It should be noted that, if the cover for the switch box were reversed, end for end, the switch could be opened and closed without causing the plug to be locked in the socket while the switch is closed. This may be prevented by so constructing the parts that the cover can be set on the box in only one way, namely, that which will enable the switch actuator to control the lock or catch for the connector. This can be accomplished by such a spacing of the holes for the screws that the screw holes in the box will not register with those in the cover except in one position of the cover and by an interlock between the cover and the switch. In the arrangement shown, the holes in the cover for the screws 45 are farther apart at one end of the cover than the other. Also, the switch is provided with a boss or lug 46 that will enter a recess 47 in the inner side of the cover when the cover is properly applied, and not interfere with the securing of the cover; but which will engage with the inner face of the cover if the latter be turned end for end, and hold the cover away from the box. Therefore, the switch must T be properly positioned in the box and the cover must be properly positioned with respect to the switch in making the assembly.

While I have illustrated and described with particularity only a single preferred form of my invention, I do not desire to be limited to the exact structural details thus illustrated and described; but intend to cover all forms and arrangements whch come within the denitions of my invention constituting the appended claims.

I claim:

l. In combination, a box containing a, switch and having at one side an external socket to receive a plug on a cable to be connected to the switch, a locking device on the socket adapted to engage with a plug in the socket to lock it against removal, a detachable cover for the box, and a switch actuator slidably mounted in the cover and having a part adapted to engage with the switch when the cover is applied to the box and having a second part lying outside of the box and adapted to move from a position overlying said locking device when the switch is closed to a position clear of the locking device when the switch is open.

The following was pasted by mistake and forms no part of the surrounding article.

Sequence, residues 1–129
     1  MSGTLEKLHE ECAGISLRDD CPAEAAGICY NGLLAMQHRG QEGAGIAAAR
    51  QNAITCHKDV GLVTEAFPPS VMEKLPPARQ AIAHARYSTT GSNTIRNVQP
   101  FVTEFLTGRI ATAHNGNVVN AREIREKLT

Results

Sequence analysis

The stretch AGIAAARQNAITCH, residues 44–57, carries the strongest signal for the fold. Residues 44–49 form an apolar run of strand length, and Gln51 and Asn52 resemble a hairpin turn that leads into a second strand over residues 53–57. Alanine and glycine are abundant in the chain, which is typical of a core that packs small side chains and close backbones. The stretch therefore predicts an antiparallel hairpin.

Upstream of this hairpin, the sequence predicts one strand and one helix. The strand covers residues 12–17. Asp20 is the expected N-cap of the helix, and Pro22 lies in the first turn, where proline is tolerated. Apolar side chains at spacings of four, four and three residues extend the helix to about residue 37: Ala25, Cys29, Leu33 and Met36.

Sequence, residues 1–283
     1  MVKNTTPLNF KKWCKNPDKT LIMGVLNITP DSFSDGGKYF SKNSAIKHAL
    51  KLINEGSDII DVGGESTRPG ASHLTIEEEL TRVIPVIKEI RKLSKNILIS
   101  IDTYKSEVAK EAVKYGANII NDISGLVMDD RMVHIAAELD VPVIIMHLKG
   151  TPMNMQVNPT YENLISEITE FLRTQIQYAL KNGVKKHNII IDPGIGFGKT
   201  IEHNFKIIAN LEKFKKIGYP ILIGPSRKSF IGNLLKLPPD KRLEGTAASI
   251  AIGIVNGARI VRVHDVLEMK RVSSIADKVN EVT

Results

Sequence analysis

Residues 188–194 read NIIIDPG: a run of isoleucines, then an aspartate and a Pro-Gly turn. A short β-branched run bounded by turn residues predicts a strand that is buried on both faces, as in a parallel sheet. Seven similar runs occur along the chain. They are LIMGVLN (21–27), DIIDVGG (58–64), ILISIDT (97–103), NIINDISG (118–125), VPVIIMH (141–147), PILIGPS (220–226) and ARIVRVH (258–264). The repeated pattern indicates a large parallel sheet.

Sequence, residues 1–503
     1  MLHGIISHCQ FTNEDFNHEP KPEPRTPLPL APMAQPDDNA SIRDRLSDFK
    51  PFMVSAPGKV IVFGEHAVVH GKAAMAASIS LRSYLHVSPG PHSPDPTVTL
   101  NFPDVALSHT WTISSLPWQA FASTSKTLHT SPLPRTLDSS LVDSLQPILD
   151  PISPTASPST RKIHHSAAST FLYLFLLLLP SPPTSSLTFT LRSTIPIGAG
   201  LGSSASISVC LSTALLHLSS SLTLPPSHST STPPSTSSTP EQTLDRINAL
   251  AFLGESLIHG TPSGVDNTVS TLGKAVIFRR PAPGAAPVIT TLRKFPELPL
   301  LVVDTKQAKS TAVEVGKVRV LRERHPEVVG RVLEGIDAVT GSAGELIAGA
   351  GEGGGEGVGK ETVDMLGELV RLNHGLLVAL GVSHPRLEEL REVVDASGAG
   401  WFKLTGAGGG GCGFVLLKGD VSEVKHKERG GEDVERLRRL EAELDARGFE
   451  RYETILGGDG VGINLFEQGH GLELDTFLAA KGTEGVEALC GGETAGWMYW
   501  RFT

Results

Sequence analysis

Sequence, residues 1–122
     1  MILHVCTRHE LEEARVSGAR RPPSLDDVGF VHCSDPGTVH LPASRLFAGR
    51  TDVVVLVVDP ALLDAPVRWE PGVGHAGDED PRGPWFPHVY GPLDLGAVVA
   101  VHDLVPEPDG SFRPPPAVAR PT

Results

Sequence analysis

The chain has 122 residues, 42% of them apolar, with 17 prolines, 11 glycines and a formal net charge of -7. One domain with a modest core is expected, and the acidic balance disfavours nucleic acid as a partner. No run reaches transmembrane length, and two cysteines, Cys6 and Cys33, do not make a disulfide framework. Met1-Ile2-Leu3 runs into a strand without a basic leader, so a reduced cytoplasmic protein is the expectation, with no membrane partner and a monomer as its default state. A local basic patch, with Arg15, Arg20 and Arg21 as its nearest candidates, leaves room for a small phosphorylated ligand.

2. In combination, a box containing a switch and having at one side a socket to receive a plug on a cable to be connected to the switch, a locking device on the socket adapted to engage with a plug in the socket to lock it against removal, a detachable cover for the box, a switch actuator slidably mounted in the cover to move from a position overlying said locking device when the switch is closed to a position clear of the locking device when the switch is open, and cooperating means on the box and the cover to prevent the cover from being applied in any position except that which brings the switch actuator in proper relation to the locking device.

3. In combination, a switch box having a socket to receive a plug on a cable to be connected to the switch in the box, a movable radial pin on the socket, a spring tending constantly to hold the pin with its inner end clear of the bore in the socket while permitting the pin to be pushed into said bore against the resistance of the spring, a lever mounted on the socket and overlying the pin and adapted to force the pin inwardly when pressure is applied to the lever, and a switch actuator slidably mounted on the box in such a position that it moves across the top of the lever in the direction of the length of the latter during its switch-actuating movements, said actuator having a part adapted to engage the lever and press it down when the actuator is moved in the direction to close the switch. y


Referenced by
Citing PatentFiling datePublication dateApplicantTitle
US2470944 *Aug 14, 1946May 24, 1949Crouse Hinds CoInterlock mechanism for switch and receptacle units
US2595949 *May 26, 1948May 6, 1952Du PontSwitch
US2668456 *May 7, 1951Feb 9, 1954Meistrell John VSwitch operator for children
US4335286 *Feb 25, 1980Jun 15, 1982Gunnar NelsonWaterproof electrical switch
US4604505 *May 17, 1985Aug 5, 1986Ero, Inc.Switch-plug interlock
US5641310 *Dec 8, 1994Jun 24, 1997Hubbell IncorporatedLocking type electrical connector with retention feature
US5680926 *May 17, 1995Oct 28, 1997Hubbell IncorporatedMechanical interlock mechanism for switched electrical connector
US5741149 *May 17, 1995Apr 21, 1998Hubbell IncorporatedShrouded locking type electrical connector with locking member
US5880420 *Apr 11, 1997Mar 9, 1999Pass & Seymour, Inc.Switch operator with interlock mechanism
U.S. Classification200/50.29, 200/50.28, 439/680, 200/330
International ClassificationH01R13/707, H01R13/70
Cooperative ClassificationH01R13/707
European ClassificationH01R13/707